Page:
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The North West’s agriculture and heritage is in focus with The Palace of the Lost City’s updated menu.
Wesli Jacobs, the Executive chef of The Sun City’s flagship 5-star hotel, and his team, executive sous chefs Angelo van Wyk and Mandla Nontso, put in the work to rejuvenate menus for The Grill Room, Tusk Bar, hotel pool and in-room dining.
“The brief from The Palace’s general manager Nico Myburgh was to design a menu showcasing what people in the North West traditionally eat, but presented in a manner which is world-class and five-star,” Jacobs said.
This resulted in what Jacobs calls an “Afro-Asian grill” style of cooking, using exotic mushrooms, miso paste and sesame in many dishes.
“I love Asian flavours and I have incorporated my own heritage in Durban with the food found locally around Sun City to create what we hope guests will love. When a plate of food is set before a guest, it needs to signal that they are at The Palace,” explained Jacobs.
He said the North West produced close to a third of the country’s maize so guests can expect corn cooked in a variety of creative ways.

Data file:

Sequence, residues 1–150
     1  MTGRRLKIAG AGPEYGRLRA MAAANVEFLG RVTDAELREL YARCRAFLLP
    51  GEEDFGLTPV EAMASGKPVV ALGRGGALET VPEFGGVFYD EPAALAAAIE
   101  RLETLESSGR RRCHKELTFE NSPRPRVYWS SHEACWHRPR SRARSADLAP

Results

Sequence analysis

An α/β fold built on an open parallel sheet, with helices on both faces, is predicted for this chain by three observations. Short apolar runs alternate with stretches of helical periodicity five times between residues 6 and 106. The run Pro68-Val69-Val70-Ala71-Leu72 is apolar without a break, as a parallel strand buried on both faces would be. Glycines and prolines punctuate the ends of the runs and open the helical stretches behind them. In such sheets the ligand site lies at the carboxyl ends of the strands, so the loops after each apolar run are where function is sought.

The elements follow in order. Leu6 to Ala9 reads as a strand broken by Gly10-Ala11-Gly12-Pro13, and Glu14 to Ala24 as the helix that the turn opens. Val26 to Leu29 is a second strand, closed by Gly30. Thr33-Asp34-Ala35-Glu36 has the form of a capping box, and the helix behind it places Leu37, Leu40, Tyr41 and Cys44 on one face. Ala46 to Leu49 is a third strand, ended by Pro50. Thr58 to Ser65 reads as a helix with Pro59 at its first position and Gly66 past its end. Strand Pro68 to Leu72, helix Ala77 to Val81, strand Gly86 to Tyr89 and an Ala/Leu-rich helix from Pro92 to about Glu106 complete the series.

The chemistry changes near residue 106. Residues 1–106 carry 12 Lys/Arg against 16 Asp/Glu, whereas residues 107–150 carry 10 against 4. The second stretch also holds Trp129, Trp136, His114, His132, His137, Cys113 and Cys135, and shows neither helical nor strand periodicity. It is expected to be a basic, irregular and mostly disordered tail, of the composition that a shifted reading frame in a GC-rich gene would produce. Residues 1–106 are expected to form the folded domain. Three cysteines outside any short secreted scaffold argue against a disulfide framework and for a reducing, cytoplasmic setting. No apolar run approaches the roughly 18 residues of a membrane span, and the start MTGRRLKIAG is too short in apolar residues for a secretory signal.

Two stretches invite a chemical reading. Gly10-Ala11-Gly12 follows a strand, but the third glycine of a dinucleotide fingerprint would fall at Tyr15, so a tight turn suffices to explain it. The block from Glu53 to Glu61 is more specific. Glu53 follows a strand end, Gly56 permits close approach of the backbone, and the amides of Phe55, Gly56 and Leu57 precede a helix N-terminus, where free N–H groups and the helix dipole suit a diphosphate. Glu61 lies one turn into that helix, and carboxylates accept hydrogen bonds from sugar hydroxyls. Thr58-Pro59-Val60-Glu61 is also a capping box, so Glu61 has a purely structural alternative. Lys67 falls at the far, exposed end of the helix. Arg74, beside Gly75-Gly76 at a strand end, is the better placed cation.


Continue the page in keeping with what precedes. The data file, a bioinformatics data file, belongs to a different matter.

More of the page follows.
“From chargrilled corn to creamy truffle samp and caramel corn, this is mielie as you might not have previously known it,” said the chef, who sources locally as far as possible, including free range pork and duck.
He revealed that dishes also include seared biltong crusted kudu, dukkah spiced duck breast salad, locally-farmed kabeljou cerviche, beef tartar using quail eggs source locally, seared kudu lion, braised springbok and a cumin spiced free range lamb rack.
And the vegetarian dishes include a barley butternut risotto and a chef’s soup of the day ranging from curried butternut to minted pea or wild mushroom. In addition, many dishes can be adapted to be gluten and dairy-free.
Desserts include The Palace’s contemporary take on South African classics like milk tart and sticky toffee pudding, which is served with Amarula custard and burnt, dehydrated orange.
According to the executive chef, from a sustainability perspective, many of the dishes across the menus use the same core ingredients, but the flavour profiles are different to ensure less food wastage which is a global issue.
Myburgh said their guests expect impeccable service and high-quality food and their expectations are even higher at The Palace as our reputation precedes them.
“The Palace hasn’t changed its menus in a couple of years and we are looking forward to hearing feedback from our many regular guests.
I am confident we have many new favourites in the making that will see our guests love every moment of their time at The Palace,” he said.